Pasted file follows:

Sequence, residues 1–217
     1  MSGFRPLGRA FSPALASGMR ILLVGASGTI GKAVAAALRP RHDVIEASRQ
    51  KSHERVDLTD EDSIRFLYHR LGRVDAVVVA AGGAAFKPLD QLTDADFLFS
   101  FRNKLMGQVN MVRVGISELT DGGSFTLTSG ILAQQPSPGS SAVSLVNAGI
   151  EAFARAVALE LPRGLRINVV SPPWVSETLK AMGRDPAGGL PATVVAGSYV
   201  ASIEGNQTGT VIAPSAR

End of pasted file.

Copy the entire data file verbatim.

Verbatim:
Sequence, residues 1–217
     1  MSGFRPLGRA FSPALASGMR ILLVGASGTI GKAVAAALRP RHDVIEASRQ
    51  KSHERVDLTD EDSIRFLYHR LGRVDAVVVA AGGAAFKPLD QLTDADFLFS
   101  FRNKLMGQVN MVRVGISELT DGGSFTLTSG ILAQQPSPGS SAVSLVNAGI
   151  EAFARAVALE LPRGLRINVV SPPWVSETLK AMGRDPAGGL PATVVAGSYV
   201  ASIEGNQTGT VIAPSAR